This article was published in the Financial Times, Moscow Times and St Petersburg Times.
There is a broad consensus in Brussels on the need for an external energy policy to diversify suppliers and routes and loosen Russia’s grip on the European natural gas market.
Writing recently about the emerging European energy diplomacy, Benita Ferrero-Waldner, commissioner for external relations, said the European Union had signed or was negotiating agreements with Azerbaijan, Ukraine, Kazakhstan, Turkmenistan, Algeria, Egypt, Morocco, Jordan, Iraq, the countries of the Gulf Co-operation Council and, “when the political situation will allow it”, it would negotiate with Iran.
The list looks impressive but, in fact, the scheme makes little sense. Almost everything in this vision – the availability of gas resources, the possibility to develop them, the political and commercial feasibility of the transport infrastructure – is hypothetical at best.
The recent announcements about Turkmen and Iraqi gas exports to Europe illustrate the virtual nature of the EU’s foreign energy policy. It is not clear whether Turkmenistan, given existing contractual commitments, has 10bn cubic metres of gas available for the EU. But it will not be tested as the proposed options to ship Turkmen gas to the western shore of the Caspian Sea are nowhere near credible. In any case no commercial contract has been signed. The Iraqi announcement (of 5bn cu m annually starting “in the next 3-4 years”) has even less commercial reality behind it.
The common denominator in these two announcements is the Nabucco project, a new “gas corridor” to Europe through Turkey that is the centrepiece of the European plan to diversify away from Russia. Yet there is no earmarked gas to feed Nabucco, either in central Asia or the Middle East. The pipeline is conceived as an enabling project that, once built, will gather gas from various sources.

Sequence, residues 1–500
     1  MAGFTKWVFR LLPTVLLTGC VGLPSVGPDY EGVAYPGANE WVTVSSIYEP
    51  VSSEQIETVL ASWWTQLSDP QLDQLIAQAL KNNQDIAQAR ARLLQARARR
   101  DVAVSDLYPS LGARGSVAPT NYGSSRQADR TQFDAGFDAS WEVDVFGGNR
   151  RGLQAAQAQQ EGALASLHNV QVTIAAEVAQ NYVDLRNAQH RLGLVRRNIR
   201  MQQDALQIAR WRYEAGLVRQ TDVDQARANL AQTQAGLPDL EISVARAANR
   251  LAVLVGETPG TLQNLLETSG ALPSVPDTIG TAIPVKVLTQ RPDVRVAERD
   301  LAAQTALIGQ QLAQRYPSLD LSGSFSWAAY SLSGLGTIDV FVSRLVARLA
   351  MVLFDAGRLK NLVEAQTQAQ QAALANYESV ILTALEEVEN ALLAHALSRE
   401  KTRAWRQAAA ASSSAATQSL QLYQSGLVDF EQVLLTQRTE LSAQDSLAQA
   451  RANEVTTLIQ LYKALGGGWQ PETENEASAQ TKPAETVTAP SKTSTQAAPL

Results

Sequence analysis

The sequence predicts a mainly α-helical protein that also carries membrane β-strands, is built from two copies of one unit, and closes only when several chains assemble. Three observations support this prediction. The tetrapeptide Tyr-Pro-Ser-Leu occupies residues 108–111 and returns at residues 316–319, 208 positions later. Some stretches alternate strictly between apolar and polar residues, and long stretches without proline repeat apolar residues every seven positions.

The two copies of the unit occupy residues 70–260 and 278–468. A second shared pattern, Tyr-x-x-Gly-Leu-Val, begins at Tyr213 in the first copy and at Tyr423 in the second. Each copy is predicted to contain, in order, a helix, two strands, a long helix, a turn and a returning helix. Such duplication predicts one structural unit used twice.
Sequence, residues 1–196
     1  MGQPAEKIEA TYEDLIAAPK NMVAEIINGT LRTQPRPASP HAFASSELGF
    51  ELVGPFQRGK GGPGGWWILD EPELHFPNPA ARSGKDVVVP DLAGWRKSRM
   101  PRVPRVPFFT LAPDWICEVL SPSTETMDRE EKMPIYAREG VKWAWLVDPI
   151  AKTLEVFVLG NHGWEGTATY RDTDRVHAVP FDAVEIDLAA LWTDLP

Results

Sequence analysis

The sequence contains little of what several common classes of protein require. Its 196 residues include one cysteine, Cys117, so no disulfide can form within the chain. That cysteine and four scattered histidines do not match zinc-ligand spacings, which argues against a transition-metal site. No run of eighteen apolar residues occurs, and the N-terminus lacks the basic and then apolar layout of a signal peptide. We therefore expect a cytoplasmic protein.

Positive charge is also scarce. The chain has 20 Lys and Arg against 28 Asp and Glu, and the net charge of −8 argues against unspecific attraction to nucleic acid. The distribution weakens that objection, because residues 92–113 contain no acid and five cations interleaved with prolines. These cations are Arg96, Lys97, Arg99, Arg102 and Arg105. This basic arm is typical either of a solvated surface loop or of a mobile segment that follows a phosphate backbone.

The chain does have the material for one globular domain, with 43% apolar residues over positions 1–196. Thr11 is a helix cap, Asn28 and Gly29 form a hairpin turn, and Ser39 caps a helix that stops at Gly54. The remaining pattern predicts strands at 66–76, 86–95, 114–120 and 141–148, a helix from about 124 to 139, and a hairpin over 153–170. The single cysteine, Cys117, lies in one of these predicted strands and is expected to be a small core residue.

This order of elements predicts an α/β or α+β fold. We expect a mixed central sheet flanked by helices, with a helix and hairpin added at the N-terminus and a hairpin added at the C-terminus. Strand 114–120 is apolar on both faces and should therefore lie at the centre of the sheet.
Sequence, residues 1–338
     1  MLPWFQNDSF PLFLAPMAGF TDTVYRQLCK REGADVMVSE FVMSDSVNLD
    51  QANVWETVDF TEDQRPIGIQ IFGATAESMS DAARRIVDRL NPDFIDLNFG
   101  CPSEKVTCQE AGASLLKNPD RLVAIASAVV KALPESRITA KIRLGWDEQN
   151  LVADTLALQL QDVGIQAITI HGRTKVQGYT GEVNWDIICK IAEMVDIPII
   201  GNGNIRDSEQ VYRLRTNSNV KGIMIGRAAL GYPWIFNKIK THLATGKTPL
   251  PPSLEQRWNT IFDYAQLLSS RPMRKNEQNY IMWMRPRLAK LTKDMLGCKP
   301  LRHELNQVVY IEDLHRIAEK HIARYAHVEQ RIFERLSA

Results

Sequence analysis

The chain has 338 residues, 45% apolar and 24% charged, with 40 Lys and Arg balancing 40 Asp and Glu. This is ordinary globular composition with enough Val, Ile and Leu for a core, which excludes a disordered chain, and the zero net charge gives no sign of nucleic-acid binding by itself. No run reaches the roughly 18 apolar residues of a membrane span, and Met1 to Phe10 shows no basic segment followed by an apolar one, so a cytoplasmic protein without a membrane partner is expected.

But financing a multibillion euro international gas pipeline requires a long-term contract between buyers and an upstream company controlling a large resource base. Diplomatic involvement can help reduce noncommercial risk, but cannot substitute for commercial logic. EU officials are desperate to show there is potentially a lot of gas that could flow through Nabucco, but even if that is true it does not make it more likely to be built.
This is not necessarily worrying. The idea that Europe lacks, or will soon lack, access to a diversified and secure (read: non-Russian) natural gas supply is not backed by the data. Even as Russia expanded exports to Europe, its share of European imports (for the 27 current member states) has roughly been halved since 1980, from 80 per cent to about 40 per cent. Since 1990, 80 per cent of the rise in EU gas imports has been from non-Russian sources. Europe already enjoys a diversified natural gas supply. Russia’s failure (or unwillingness) to develop its resource base and expand exports to Europe is bound to make the European market all the more attractive for other exporters in the coming years – though it will also mean higher prices.
Europe faces three main gas security challenges. The first is to export gas supply diversity from western Europe to eastern Europe, where the rate of dependence on Russia is much higher but gas markets are much smaller. Market integration is the only way to do that. A single European gas market would create de facto solidarity between all consumers and the bilateral dependencies would become largely irrelevant.
The second challenge is to increase the ability of Europe as a whole to cope with supply disruptions, whatever their causes. Here again, market integration and competition is the way to go. A well-functioning market transforms any localised physical shortage into a universal price increase. Additional measures such as interruptible contracts and emergency inventories would help reduce the economic impact of supply shocks.
The third challenge is to remove the debilitating effect of the EU-Russia gas relationship on EU foreign policy towards Russia. A European integrated and flexible gas market would make eastern Europe more secure, just as it would make the relationship between Gazprom and large utility importers in Germany, Italy or France less cosy. This is a better position from which to speak with one voice to Moscow.
Building a well-functioning internal gas market is less grandiose than developing a foreign energy policy, but also more promising. This is what the Commission should concentrate on.
The European Council on Foreign Relations does not take collective positions. ECFR publications only represent the views of its individual authors.